By RON PROSOR
Last month, a group of Scandinavians pulled up anchor from a Swedish port and set off toward the Middle East under the pretense of delivering humanitarian aid. The Nordic fog may have clouded their choice of destination. The moral compass of these self-proclaimed human-rights activists steered them to the Gaza Strip, not Syria.
The fleets of flotillas, ferries, yachts, sailboats, canoes and catamarans and that have set sail for Gaza in recent years rival the size of the Spanish Armada. Yet one might argue that humanitarian flotillas are needed just a bit more urgently in Syria, where more civilians have been murdered by the Assad regime than those killed during Japan’s 2011 earthquake and tsunami, Hurricane Katrina, and 9/11 combined.
The conflict in Syria has also claimed roughly four times as many victims in the past 20 months as were killed in the Israeli-Palestinian conflict over the past 20 years. The residents of Gaza continue to enjoy more international assistance than virtually any other population on the planet, but almost no aid is reaching the two million people displaced within Syria—roughly 10% of the country’s population.
The flotilla crowd has different priorities. They prefer to work around the clock to protest Israel’s legitimate defense against the terrorists who target its citizens and fire thousands of rockets into its cities. Perhaps we shouldn’t be surprised: It’s much easier to face news cameras in Tel Aviv than bullets in Damascus.
Indeed, Israel is the luxury destination of choice for this type of “human-rights activist.” In Israel, these weekend revolutionaries are free from the dangers of arbitrary arrest, imprisonment and execution that abound in the totalitarian states that make up the rest of the region. Instead of trying to dig into the dark abyss of abuses in neighboring states, they prefer to lounge in the comfort of Israel’s democratic institutions, civil society and independent media, which offer a wealth of easily accessible information that they use to attack Israel.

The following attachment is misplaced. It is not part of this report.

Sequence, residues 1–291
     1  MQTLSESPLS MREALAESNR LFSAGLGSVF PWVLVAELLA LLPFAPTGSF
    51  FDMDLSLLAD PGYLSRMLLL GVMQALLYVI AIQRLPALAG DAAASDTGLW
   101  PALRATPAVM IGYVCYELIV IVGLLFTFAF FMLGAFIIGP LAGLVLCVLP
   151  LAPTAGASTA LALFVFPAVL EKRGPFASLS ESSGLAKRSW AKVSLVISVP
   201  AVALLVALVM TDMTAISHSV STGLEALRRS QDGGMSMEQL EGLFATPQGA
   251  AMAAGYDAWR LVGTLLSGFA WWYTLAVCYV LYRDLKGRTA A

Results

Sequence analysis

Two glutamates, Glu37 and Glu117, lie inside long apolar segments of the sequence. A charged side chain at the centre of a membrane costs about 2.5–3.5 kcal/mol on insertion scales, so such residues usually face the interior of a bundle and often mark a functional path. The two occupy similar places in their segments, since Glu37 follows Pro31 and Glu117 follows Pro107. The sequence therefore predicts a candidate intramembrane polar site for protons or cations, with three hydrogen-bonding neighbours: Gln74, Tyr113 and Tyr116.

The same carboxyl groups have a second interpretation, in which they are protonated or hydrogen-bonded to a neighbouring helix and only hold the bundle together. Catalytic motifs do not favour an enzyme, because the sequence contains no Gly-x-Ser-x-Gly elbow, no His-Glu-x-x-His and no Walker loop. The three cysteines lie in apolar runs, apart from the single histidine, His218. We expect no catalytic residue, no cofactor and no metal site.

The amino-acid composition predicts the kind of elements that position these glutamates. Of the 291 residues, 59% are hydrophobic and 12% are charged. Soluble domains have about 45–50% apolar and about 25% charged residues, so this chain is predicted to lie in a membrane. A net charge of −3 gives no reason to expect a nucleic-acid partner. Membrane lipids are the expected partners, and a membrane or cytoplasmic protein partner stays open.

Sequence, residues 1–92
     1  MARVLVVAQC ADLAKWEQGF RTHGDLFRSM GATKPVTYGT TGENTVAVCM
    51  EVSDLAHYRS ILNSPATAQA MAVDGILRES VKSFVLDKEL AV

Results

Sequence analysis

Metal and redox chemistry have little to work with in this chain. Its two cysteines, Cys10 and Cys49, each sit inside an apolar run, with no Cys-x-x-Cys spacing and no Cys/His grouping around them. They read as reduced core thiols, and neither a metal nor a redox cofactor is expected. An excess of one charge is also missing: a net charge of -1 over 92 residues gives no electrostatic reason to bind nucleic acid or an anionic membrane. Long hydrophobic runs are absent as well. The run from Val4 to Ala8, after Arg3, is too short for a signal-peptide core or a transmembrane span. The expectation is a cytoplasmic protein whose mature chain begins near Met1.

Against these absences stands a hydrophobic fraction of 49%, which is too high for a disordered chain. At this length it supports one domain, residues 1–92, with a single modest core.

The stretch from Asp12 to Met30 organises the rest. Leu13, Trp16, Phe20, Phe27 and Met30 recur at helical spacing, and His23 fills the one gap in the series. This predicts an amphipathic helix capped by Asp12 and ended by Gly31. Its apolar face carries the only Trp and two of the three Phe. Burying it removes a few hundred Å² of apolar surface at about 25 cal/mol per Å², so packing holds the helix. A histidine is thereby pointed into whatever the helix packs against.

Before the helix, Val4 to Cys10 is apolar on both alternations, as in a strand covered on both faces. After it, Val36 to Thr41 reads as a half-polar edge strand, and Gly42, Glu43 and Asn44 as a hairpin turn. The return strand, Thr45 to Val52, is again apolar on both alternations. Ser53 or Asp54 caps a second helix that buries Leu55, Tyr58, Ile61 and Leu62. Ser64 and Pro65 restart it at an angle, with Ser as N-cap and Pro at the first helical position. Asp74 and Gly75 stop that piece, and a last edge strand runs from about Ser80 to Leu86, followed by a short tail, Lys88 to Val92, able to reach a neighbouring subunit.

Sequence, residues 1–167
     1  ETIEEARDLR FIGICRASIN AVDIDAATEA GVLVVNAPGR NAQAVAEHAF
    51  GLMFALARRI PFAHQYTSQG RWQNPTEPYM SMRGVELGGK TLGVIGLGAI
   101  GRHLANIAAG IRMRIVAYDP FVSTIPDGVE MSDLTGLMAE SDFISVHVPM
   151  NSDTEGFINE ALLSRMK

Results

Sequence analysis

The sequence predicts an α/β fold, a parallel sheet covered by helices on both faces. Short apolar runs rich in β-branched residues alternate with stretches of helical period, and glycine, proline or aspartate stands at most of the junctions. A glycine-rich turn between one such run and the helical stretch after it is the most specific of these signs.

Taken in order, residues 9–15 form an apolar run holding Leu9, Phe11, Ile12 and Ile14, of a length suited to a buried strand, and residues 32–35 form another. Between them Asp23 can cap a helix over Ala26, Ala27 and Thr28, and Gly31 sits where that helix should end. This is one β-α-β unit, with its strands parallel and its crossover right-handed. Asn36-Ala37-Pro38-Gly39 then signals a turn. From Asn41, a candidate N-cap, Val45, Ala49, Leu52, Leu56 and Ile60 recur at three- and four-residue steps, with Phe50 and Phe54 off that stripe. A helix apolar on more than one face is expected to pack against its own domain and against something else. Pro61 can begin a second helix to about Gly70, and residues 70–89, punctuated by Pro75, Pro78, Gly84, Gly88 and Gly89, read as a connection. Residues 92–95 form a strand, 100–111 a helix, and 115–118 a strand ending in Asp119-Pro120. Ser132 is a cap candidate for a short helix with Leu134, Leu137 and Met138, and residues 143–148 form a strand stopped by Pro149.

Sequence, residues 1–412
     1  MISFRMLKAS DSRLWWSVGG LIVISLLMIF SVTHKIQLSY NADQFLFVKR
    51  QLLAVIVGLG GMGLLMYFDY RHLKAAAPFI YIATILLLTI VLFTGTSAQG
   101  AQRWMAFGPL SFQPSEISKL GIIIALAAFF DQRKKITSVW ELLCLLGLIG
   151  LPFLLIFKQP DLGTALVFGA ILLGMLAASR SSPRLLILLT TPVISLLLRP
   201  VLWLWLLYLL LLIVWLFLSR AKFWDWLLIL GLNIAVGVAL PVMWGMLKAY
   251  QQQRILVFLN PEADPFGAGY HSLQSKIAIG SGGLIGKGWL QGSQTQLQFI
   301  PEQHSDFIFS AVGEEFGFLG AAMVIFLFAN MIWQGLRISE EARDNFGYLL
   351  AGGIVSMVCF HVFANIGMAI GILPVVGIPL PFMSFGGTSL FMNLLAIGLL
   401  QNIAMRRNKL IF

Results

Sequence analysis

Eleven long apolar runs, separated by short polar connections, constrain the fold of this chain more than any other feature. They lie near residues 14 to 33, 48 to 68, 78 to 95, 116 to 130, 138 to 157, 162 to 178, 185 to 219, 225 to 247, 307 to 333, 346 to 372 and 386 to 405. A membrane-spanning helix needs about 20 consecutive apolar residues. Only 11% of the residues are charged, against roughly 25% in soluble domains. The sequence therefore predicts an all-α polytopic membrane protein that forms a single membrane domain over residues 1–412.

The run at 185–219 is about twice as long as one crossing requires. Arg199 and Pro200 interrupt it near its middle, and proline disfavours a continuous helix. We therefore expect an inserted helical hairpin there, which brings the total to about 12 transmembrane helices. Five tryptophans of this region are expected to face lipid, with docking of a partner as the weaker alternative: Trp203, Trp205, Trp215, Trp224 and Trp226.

The burden of democracy is always heavy, and Israel is proud to carry it. With more reporters and human-rights activists per capita than anywhere else on the planet, we understand deeply the invaluable role of civil society, even though its institutions can sometimes be used and abused by those with the most radical of agendas.
Today much of the international human-rights arena resembles a masquerade ball, where the most extreme views can be easily masked beneath the empty utterance of words like “democracy” and “human rights.” Norwegian scholar Johan Galtung, the leader of the Scandinavian ship to Gaza, was recently suspended from the Swiss World Peace Academy for a series of anti-Semitic rants. He recommended that all university students read “The Protocols of the Elders of Zion,” the infamous piece of 19th-century propaganda used in Nazi classrooms.
Far from criticizing the tyrants of the Middle East, the flotilla crowd often joins hands with them. Just this May, the British activist group Viva Palestina enjoyed the hospitality of Bashar Assad, making a pit stop in Syria on its way to trying to enter Gaza. Around the same time that Assad’s thugs were gearing up for their massacre of children in Houla, members of Viva Palestina were proudly tweeting their whereabouts and posting photos on Facebook of themselves next to the regime’s representatives.